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Latest news: Diabetes and cancer; “soups and shakes”; and CVD protection from breastfeeding

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Genetic insights into type 2 diabetes and some cancers

A study presented at the Diabetes UK Professional Conference has revealed that genetic variants help explain why people with type 2 diabetes are at an increased risk of developing breast, colorectal and pancreatic cancers. Insights into the interplay between the conditions could inform better cancer prevention and treatment strategies for people with type 2 diabetes.

Cancer is now the leading cause of death in people with diabetes in England, and cancer survival rates in those with diabetes lag behind those of the general population. While it is known that type 2 diabetes can increase the risk of developing a number of serious health complications, including certain cancers, the biological factors contributing to these links have not been well understood.

The complex mix of drivers that influence type 2 diabetes includes age, body weight and genetics. Hundreds of genetic variants play a role in its development, and some of these increase the chances of getting cancer. Researchers at the University of Surrey investigated the genetic relationships between the conditions to explain why some individuals with type 2 diabetes also develop cancer.

DNA data from over 36,000 people from several European countries was analysed. This included people with type 2 diabetes and post-menopausal breast cancer, colorectal cancer and pancreatic cancer – the three types they are most at risk of developing. A pioneering approach was adopted to study how genetic variants simultaneously affect all four conditions.

Two genetic variants were pinpointed as being key contributors to the development of type 2 diabetes and some cancers. One was linked to the risk of developing both breast cancer and type 2 diabetes; the other affects type 2 diabetes and breast, colorectal and pancreatic cancer risk. Those carrying either of these genetic variants are at increased risk of developing both type 2 diabetes and these cancers.

The researchers also identified 17 variants that directly increase the risk of developing type 2 diabetes and, through biological processes linked to it, indirectly increase cancer risk. The higher glucose and insulin levels, obesity, inflammation and hormonal changes found in type 2 diabetes may create an environment in which it is easier for cancer to develop.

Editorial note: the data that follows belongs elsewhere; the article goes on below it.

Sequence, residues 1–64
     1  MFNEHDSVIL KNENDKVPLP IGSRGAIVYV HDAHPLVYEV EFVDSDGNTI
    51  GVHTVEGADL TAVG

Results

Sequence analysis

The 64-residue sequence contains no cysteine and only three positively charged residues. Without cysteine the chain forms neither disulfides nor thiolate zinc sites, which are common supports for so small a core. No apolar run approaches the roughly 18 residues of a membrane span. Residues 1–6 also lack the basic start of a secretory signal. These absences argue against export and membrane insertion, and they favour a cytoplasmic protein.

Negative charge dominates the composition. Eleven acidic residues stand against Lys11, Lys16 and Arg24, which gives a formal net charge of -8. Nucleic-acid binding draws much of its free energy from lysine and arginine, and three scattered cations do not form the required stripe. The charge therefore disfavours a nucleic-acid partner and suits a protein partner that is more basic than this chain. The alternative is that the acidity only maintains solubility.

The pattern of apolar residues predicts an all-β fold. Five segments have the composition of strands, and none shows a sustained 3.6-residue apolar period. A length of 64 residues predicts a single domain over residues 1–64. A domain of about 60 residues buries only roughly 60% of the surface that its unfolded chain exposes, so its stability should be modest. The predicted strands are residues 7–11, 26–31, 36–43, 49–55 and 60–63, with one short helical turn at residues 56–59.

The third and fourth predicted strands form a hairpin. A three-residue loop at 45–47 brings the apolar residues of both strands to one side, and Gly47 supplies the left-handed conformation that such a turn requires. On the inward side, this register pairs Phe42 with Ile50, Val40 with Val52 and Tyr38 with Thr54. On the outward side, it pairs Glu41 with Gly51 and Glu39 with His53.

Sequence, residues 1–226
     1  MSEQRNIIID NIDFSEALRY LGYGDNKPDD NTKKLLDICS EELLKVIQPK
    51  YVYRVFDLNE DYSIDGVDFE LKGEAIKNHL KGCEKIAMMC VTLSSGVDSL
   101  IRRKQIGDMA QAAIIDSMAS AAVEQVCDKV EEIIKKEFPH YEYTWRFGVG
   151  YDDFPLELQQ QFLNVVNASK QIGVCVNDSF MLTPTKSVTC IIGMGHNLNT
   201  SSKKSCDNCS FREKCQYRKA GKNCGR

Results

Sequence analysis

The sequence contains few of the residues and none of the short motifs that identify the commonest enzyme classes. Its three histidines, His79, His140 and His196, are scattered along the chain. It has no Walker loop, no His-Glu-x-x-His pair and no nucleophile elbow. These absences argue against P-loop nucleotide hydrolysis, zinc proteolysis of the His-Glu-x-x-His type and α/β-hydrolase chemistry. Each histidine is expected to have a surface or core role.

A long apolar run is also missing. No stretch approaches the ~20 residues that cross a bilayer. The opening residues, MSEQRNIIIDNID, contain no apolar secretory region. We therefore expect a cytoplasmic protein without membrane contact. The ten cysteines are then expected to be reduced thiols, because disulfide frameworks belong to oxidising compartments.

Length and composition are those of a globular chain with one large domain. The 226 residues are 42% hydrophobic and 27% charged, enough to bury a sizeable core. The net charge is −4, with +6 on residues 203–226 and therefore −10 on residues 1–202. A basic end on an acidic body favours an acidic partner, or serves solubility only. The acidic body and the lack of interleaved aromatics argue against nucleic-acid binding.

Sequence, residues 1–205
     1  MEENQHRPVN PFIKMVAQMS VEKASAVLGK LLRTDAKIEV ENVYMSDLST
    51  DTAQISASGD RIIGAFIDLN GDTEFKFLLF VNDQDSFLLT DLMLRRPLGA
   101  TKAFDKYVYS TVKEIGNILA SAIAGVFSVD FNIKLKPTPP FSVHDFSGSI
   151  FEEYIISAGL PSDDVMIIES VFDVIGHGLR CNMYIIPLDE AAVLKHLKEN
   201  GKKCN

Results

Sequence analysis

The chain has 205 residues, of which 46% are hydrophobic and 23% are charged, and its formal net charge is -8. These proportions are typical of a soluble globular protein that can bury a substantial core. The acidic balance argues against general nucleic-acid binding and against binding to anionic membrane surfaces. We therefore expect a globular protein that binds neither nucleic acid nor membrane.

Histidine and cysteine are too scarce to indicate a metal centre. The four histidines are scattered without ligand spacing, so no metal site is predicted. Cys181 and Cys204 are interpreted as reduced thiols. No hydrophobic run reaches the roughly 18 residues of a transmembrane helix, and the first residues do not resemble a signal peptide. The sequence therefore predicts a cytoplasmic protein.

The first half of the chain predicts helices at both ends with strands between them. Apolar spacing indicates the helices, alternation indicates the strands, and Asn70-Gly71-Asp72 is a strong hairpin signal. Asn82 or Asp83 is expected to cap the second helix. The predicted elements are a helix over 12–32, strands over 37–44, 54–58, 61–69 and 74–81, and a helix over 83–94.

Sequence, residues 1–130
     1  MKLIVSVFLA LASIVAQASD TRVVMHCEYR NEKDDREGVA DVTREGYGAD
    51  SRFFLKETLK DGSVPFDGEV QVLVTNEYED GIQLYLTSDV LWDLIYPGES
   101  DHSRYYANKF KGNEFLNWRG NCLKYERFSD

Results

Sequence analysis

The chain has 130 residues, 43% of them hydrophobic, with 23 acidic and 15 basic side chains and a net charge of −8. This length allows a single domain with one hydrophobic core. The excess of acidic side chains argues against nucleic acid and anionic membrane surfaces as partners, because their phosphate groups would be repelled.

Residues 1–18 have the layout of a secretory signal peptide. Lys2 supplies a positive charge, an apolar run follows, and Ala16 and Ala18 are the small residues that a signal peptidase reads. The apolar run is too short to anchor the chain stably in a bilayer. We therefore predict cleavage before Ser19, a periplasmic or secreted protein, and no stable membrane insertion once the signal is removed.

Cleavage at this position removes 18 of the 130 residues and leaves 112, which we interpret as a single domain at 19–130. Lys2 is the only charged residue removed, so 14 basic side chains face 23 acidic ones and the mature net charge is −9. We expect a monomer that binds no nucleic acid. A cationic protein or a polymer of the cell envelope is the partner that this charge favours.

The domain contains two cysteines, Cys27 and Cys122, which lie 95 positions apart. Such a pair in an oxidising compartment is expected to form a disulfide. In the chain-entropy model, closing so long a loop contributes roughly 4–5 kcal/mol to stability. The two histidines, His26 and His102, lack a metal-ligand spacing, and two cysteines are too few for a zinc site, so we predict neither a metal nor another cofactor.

It is hoped that these findings of shared genetic pathways will, in time, lead to our ability to the earlier identification of people who are at risk of both type 2 diabetes and certain cancers, while paving the way for more personalised ways to prevent and treat these conditions. The investigators emphasise that people can be supported to reduce their risk by managing weight, eating well, keeping active and not smoking. 

“Soups and shakes” diet programme expands

The NHS Type 2 Diabetes Path to Remission programme is to be rolled out across the whole of England this year. The expansion to 42 local health areas will double the capacity of the programme and benefit many more people recently diagnosed with type 2 diabetes.

Inspired by the ground-breaking DiRECT study, the programme is a joint initiative between NHS England and Diabetes UK. To help kick-start weight loss, eligible participants are provided with nutritionally balanced, low-calorie meal replacement products. These soups, shakes and bars deliver 800–900 calories per day for the first 12 weeks. 

After this phase, people are carefully supported by healthcare professionals to reintroduce healthy, nutritious food into their diet to maintain weight loss, and to increase their physical activity levels. Participants can choose whether to access this help through one-to-one in-person sessions, group sessions or digitally through an app or online.

Over 20,000 people have taken part in the programme since its pilot was launched in 2020. Analysis of its outcomes show that it is effective in improving people’s diabetes control and supporting their weight loss, with participants on average losing 7.2 kg after one month and 13 kg over the 12-month programme. Clinical trials suggest that such outcomes can lead to remission of type 2 diabetes in up to half of those who reach them.